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issue 38 - June/July 2017
CURVE magazine cover June/July 2017
Push  Art  


Cities, Spaces, Life and Us : Living Amid the Urban Jungle

Marianne Markvad is a Danish artist based in Aarhus. Working from a studio in her garden, Markvad's work explores urban spaces and human activity within them. Creating collages full of meaning, Markvad's pieces questions the way in which we live and work in the midst of our urban homes. Three dimensional collages, video projections and installations all create new angles, new ideas about urban life, resulting in a collection that speaks to everyone.

How would you define yourself as an artist?
I am a workaholic. My leisure and work is one big mix. My work is my hobby and I always look forward to going back to my studio after vacations. I like to challenge myself to always make new things and rethink my work.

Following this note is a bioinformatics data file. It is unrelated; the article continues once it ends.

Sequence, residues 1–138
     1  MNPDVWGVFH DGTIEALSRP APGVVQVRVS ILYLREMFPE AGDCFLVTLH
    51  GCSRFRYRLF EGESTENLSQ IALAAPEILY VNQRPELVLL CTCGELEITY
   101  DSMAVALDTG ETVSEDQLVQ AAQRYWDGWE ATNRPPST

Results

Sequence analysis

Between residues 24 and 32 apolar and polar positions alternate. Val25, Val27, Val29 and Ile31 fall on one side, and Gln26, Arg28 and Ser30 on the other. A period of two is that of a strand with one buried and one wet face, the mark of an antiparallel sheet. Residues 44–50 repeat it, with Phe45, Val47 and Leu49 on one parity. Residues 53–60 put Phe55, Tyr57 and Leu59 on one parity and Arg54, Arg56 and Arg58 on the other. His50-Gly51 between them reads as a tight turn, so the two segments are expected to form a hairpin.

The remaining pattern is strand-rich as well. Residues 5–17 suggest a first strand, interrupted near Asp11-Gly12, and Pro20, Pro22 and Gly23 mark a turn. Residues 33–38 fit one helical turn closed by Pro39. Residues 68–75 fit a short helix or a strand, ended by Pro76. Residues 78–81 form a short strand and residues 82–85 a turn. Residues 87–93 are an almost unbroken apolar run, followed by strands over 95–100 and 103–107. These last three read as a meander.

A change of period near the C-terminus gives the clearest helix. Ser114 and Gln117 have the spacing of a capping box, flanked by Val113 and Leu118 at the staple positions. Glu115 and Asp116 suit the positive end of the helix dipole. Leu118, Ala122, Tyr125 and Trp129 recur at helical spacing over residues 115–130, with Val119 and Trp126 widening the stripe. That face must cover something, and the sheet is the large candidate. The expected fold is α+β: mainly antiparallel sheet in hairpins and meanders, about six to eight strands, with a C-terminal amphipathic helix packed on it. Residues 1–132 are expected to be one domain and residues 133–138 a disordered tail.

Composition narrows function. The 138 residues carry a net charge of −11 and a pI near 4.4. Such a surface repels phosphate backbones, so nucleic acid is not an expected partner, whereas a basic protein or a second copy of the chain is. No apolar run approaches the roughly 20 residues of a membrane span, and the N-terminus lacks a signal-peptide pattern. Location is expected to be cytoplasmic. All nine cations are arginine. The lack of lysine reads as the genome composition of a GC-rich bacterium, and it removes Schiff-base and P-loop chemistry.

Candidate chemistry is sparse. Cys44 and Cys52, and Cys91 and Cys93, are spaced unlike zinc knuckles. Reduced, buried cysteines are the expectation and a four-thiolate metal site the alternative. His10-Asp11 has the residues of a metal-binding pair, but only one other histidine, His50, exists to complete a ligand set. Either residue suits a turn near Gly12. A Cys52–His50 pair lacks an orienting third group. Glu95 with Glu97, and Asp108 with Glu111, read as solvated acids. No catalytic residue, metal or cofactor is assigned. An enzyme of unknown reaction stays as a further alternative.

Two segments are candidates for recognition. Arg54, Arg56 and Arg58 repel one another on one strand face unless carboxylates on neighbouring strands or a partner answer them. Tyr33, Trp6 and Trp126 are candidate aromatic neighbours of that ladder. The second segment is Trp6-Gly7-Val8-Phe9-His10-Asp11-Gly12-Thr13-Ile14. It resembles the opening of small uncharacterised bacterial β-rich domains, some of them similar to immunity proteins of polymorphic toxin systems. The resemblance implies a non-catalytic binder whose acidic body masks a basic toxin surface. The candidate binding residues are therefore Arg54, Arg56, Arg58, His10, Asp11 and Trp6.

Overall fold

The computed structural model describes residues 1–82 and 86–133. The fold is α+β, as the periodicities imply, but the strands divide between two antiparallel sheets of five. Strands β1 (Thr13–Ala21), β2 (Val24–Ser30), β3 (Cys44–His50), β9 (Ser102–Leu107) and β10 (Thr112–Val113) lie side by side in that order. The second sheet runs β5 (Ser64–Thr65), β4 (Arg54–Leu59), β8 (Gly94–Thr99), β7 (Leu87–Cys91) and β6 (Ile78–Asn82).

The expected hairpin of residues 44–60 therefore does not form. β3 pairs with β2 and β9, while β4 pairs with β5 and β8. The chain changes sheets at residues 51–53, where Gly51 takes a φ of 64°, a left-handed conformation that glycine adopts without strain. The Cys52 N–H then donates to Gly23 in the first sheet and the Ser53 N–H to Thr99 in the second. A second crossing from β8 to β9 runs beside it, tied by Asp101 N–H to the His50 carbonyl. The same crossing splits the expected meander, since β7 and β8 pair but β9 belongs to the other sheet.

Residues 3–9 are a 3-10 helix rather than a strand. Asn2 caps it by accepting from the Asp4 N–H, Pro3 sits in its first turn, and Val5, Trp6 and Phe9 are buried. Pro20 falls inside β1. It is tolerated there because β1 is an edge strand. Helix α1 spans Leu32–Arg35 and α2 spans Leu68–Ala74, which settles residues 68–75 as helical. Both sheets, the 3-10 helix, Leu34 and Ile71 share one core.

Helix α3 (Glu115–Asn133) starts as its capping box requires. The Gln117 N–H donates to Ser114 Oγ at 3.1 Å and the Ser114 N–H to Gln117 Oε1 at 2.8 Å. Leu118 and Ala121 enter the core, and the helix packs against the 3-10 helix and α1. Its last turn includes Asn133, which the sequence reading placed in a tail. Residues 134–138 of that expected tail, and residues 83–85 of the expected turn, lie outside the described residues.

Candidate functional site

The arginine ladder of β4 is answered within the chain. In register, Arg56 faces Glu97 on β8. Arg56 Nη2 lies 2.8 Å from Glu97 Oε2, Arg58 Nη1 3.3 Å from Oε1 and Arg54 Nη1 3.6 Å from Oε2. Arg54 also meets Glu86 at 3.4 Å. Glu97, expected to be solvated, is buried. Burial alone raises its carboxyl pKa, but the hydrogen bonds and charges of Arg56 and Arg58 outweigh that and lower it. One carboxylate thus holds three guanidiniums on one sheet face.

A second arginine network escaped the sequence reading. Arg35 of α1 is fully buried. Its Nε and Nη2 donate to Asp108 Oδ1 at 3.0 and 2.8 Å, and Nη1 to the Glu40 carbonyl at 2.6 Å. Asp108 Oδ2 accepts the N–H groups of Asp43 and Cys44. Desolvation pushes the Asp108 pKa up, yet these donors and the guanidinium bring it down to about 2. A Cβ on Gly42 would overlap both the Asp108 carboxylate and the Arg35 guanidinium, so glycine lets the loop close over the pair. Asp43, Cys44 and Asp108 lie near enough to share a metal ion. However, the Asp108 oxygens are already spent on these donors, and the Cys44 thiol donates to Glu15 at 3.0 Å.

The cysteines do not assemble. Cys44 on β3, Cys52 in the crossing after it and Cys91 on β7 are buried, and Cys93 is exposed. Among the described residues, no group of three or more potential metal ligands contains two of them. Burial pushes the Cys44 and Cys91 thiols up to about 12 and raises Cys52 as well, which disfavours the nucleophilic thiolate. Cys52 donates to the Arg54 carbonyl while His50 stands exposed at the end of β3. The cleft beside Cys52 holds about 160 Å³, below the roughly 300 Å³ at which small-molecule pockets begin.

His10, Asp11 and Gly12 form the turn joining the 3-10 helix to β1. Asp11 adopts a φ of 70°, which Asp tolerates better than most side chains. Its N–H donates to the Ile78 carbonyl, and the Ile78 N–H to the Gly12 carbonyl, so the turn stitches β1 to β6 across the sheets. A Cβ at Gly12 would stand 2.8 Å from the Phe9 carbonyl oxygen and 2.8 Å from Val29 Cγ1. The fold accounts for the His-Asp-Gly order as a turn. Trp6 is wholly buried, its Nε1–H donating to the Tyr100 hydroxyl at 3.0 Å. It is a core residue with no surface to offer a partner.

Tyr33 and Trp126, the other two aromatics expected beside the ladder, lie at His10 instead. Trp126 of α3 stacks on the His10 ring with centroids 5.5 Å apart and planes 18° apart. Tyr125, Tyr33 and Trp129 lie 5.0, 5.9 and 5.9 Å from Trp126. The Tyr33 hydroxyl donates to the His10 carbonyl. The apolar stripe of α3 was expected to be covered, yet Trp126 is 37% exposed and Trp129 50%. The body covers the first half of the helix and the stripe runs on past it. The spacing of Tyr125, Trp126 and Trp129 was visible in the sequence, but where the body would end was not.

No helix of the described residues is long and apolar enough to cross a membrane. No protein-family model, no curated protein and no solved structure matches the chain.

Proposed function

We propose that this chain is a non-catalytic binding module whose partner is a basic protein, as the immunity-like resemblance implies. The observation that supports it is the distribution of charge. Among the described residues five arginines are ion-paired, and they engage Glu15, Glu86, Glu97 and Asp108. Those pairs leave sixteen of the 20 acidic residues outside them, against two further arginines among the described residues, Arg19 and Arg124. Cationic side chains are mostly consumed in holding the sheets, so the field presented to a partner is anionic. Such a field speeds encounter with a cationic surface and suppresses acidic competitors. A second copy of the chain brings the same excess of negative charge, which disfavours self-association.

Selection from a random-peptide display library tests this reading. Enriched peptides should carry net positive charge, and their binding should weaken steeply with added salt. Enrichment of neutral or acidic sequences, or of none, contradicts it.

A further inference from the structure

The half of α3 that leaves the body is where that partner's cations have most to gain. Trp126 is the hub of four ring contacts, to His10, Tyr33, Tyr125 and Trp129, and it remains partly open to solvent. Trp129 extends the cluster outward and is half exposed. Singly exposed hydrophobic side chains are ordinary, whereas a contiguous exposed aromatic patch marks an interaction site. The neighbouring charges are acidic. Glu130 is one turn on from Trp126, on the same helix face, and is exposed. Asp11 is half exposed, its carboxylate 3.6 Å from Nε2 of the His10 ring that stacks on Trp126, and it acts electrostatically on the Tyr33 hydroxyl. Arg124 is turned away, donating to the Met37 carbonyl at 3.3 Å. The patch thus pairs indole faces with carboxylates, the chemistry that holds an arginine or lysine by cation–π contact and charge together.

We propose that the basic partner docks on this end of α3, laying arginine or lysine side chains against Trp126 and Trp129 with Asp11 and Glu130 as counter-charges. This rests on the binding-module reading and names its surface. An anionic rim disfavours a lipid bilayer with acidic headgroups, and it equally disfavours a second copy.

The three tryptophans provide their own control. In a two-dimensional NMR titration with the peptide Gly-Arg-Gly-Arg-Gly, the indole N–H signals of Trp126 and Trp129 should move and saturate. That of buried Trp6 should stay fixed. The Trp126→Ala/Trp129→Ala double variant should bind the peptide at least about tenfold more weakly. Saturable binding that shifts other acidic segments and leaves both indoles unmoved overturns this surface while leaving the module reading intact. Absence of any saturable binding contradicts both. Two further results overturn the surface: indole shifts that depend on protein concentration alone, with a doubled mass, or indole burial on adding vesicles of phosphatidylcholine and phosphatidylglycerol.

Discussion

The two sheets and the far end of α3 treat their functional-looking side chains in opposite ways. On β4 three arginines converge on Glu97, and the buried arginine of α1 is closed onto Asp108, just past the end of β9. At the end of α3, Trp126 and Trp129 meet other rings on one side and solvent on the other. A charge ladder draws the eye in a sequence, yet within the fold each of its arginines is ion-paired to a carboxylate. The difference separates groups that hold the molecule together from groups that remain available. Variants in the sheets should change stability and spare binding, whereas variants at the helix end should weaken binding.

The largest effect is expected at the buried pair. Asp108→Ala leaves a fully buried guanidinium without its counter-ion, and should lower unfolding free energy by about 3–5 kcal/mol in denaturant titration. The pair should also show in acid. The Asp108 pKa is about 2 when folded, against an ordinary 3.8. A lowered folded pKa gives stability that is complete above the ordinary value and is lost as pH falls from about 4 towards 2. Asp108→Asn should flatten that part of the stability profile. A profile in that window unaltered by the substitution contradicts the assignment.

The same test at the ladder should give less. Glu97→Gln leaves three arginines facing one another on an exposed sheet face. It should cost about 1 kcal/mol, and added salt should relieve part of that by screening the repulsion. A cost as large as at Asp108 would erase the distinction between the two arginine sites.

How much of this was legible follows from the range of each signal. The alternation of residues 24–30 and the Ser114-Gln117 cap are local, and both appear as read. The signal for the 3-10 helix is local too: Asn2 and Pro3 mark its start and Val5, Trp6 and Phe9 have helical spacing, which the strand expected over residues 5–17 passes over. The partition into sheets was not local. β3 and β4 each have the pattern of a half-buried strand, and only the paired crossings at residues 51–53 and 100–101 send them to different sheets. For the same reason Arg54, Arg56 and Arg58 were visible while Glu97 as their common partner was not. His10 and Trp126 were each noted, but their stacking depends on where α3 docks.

What was the first piece you designed tell us about it.
My mother was a florist and a teacher, but was also doing all sorts of creative stuff, mostly in soft fabrics. It was a very free spirited place to grow up and it was always possible to join in on all the projects going on. I was particularly fond of clay, and as a young child I made a lot of reliefs. My first sold picture goes back to 2000. My husband and I had just renovated a house, and we needed something to put on the walls. I began to paint a large abstract picture, though I had not painted for several years. When my neighbor came by she bought the painting right away, and her sister and three friends called me, and wanted me to paint some for them too.

Take us through the process of your work
Half of my working hours I'm combining photos in Photoshop. I use photos I have taken in approximately 25 different cities all over the world. I am mixing, cutting, coloring and scaling until I reach the meaning and the esthetic look that I'm going for. Next step is printing the pictures, gluing them on wood and building the picture in 3D in order to highlight some part of the picture. Sometimes I add old used wood in the work. It adds history, which is good for the piece and good inspiration for me as an artist. Sometimes I add extra colors. Often I paint the sides of the work so that the balsa wood is less obvious. I finish up processing some layers of transparent paint to make it resistant to light and moisture.

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